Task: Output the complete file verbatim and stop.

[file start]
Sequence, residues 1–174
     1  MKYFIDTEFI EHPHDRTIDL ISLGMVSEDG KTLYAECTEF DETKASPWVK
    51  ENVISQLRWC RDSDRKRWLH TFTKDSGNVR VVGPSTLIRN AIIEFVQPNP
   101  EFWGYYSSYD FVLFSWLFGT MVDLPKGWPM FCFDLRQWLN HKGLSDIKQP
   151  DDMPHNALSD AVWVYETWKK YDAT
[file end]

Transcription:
Sequence, residues 1–174
     1  MKYFIDTEFI EHPHDRTIDL ISLGMVSEDG KTLYAECTEF DETKASPWVK
    51  ENVISQLRWC RDSDRKRWLH TFTKDSGNVR VVGPSTLIRN AIIEFVQPNP
   101  EFWGYYSSYD FVLFSWLFGT MVDLPKGWPM FCFDLRQWLN HKGLSDIKQP
   151  DDMPHNALSD AVWVYETWKK YDAT